Automation | Robots | Buffalo, NY | Certified B Corp | Wealth Management
Should we be fighting automation?
It’s an honest question, one I’m sure many people have thought about. The debate usually stems from whether or not progress is good. Usually when using hindsight, we are thankful for developments that, at the time they were being pitched, were cause for concern. One of the funny stories mentioned in my family is when cell phones were gaining popularity my parents bought my older brother his first phone to which he replied “why would I need this? I have quarters.” Obviously now the thought of someone existing without a cellphone (or even a smartphone) takes the casual onlooker by surprise. So, is this direction automation is going? A horrible mistake for the present, only to be lauded as a milestone achievement by the next generation. Let’s take a look.
Expansion in automation is nothing new. For over half a century automation has taken on more dominant roles in agriculture, manufacturing, warehouses, and even retail (those self-checkout lines used to be jobs).
While some argue trade is the biggest job killer, the reality of displaced jobs is far more domestic than one might assume. During the first decade of the twenty-first century 87% of all displaced manufacturing jobs were lost due to developments in robotics, leaving only 13% lost to trade deals. In 2015 over a quarter million (253,748) robot units were sold to various manufacturing industries worldwide. This number is not slowing down either with annual accelerated growth: “Already, 40 percent more robots were sold last year in the U.S., compared with four years prior.”
How has this effected the country? Productivity in this sector actually approached an all-time high. In Obama’s final years in office one of his widely cited achievements was the revival of the automobile industry, a comeback that could not have occurred without the help of a robotic workforce.
Recently, the Wall Street Journal posted an article on the future of self-driving cars. The article states there are currently 3.8 million people currently driving for a living (e.g. taxis and trucks), with an additional 11.7 million people who drive as part of their job. The article then says this 15+ million figure could see some drastic changes in the near future as automated technology continues to advance. The major changes being the people in the first category (driving for a living) could lose their jobs. That’s the bad news. What’s interesting though is the 11.7 million in the second category could “benefit from greater productivity and better working conditions.” So again we ask the question, is this progress overall beneficial? Strictly looking at the numbers of those who benefit vs those who do not it makes a compelling argument in favor of the developments. But what of the people who are displaced? Do they have no alternative employment opportunities, or is the landscape shifted and they find new jobs previously unavailable before the technological advances?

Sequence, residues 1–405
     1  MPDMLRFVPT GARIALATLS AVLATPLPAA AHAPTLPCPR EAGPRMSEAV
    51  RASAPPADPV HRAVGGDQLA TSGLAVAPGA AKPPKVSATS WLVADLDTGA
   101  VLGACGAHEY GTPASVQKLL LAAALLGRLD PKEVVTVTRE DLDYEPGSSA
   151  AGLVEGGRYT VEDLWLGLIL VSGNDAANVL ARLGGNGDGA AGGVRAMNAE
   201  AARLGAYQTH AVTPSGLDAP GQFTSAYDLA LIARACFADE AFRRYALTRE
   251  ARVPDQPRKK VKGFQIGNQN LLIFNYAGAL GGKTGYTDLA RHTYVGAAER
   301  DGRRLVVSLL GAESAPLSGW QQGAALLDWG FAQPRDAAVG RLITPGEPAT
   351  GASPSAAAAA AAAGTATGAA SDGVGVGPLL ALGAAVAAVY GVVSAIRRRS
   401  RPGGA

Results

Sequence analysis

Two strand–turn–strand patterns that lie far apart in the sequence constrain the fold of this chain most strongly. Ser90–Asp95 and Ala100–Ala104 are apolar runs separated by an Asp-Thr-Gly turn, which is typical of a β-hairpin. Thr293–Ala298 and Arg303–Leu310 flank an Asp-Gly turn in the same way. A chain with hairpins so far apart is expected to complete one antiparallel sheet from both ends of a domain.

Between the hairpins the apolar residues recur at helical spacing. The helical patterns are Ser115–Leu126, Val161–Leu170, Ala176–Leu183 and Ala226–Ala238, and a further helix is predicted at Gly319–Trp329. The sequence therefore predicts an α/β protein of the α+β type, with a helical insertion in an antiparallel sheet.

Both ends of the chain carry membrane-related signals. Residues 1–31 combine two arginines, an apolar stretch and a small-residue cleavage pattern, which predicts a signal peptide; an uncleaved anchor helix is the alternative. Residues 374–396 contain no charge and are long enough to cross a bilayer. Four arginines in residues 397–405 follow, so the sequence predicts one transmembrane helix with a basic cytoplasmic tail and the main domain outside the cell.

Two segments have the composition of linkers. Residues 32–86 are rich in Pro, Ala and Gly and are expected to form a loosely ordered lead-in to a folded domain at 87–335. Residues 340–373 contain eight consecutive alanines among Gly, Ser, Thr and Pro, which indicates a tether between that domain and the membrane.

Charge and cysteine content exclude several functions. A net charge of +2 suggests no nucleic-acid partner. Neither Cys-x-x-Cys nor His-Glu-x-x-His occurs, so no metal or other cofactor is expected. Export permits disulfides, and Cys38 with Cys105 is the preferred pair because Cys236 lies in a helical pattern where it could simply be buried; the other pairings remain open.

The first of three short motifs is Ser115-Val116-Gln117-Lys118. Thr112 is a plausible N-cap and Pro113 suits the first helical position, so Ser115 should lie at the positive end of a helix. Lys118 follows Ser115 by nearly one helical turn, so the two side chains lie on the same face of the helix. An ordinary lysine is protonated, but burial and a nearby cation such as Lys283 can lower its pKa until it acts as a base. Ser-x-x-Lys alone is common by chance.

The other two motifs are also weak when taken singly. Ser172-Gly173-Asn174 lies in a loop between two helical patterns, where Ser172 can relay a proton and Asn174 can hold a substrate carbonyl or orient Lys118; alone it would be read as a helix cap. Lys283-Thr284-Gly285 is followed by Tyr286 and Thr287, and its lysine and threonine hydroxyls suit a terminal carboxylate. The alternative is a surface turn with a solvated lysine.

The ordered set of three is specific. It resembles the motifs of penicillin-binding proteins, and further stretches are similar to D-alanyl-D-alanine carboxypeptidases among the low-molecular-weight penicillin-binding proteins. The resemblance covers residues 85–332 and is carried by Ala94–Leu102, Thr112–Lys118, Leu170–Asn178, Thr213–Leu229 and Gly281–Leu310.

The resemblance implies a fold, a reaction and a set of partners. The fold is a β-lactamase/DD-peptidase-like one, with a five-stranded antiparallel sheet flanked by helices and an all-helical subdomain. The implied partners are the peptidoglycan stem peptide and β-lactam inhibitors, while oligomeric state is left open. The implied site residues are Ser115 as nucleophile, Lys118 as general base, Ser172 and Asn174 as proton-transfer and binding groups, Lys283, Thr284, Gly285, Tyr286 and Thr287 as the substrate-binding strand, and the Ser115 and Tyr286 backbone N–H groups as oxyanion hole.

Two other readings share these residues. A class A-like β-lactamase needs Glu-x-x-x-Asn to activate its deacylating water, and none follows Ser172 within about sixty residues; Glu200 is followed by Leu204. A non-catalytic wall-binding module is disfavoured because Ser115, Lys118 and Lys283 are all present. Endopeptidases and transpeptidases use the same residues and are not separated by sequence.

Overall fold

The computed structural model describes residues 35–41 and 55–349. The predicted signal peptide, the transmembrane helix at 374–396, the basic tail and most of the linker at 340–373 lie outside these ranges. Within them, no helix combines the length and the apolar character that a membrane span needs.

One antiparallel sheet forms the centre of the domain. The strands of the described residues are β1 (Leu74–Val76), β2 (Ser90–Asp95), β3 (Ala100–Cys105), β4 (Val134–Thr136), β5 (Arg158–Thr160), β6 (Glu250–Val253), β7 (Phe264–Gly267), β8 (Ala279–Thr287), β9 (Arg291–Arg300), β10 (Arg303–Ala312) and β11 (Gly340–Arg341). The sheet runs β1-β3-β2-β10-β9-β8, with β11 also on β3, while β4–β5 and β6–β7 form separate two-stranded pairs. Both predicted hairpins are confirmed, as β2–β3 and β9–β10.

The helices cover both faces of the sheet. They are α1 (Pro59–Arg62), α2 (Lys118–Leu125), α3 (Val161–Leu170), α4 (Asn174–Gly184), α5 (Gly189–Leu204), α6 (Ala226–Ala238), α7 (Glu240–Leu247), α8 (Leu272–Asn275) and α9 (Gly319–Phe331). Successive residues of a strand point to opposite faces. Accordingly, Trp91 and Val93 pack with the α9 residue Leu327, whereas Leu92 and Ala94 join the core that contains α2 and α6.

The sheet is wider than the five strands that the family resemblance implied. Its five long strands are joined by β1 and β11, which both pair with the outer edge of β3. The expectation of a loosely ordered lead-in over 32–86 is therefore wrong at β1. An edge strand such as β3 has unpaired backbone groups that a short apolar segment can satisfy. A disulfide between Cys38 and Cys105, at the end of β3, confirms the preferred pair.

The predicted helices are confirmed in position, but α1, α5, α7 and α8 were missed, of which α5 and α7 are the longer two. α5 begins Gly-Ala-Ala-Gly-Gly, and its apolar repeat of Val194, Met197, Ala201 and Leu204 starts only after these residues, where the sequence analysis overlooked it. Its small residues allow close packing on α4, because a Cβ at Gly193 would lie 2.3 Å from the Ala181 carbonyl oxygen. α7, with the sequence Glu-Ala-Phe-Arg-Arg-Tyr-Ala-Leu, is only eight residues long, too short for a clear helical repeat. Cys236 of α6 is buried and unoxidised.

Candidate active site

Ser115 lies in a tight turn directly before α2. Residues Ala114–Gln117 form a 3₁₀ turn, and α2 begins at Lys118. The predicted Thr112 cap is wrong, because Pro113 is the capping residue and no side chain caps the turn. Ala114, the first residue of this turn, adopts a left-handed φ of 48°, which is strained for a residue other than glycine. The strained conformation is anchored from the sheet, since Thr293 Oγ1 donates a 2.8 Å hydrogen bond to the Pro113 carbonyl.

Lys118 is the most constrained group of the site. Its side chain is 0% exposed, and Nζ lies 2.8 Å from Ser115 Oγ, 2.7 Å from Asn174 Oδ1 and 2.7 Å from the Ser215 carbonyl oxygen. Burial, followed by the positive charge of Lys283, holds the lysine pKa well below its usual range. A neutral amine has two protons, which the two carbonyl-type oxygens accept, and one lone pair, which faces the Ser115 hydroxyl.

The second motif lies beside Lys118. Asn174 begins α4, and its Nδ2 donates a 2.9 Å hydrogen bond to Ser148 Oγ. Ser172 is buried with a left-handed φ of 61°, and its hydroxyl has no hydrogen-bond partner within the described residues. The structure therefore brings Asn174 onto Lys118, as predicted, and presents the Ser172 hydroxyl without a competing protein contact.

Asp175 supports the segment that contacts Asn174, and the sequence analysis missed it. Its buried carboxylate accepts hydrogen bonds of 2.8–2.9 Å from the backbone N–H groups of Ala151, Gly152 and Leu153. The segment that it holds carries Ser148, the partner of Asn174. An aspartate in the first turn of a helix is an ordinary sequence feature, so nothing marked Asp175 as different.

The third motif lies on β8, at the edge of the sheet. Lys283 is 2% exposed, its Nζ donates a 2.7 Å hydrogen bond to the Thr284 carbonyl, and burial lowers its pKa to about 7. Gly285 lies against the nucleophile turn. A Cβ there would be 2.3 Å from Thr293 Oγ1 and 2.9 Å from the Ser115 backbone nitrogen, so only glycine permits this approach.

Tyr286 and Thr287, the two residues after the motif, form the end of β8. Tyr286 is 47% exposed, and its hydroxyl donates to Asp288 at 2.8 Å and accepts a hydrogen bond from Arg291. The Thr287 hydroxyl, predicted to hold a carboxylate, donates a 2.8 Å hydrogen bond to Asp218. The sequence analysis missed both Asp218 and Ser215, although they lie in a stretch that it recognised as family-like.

The consumer outcome for automation differs based on who a person asks. When looking into research conducted by the Brookings Institution, one will most likely find articles focusing on the loss of job security stemming from the affordability of robotic technology.
The counter to the job security argument is usually a decrease in consumer prices, thus increasing the overall utility for consumers; an increase in net profits, thus increasing expenses by the employer (in future capital and labor); and new jobs previously non-existent/unavailable due to technological restraints.
While these two sides are only opinions, depending entirely on the person’s view of automation, what makes them so effective is how easily one can find evidence defending their side. To make it an even more complicated debate, one can find evidence defending both arguments from neutral third parties like PEW.
With evidence defending both sides, the next best thing to do is look at the trends and decide how to make it beneficial rather than a detriment. Based on the growth trends listed above, one may see that fighting robotic development may be a losing battle. Most Americans see fighting automation as a lost cause with over two-thirds believing their jobs will be replaced by robots within 50 years. So why sit back and accept the displacement? This should not be used as an opportunity to dig our feet into the ground and fight the progress. Developments capable of upping output productivity should be seen more as an opportunity. Rather than looking to the past, we have to objectively survey the landscape of the markets in the future and see how they change, because jobs are never lost without replacements. We are adaptable in nature, and though the short term inelasticity may create an issue, over the long term we will adjust and most likely have a higher standard of living.
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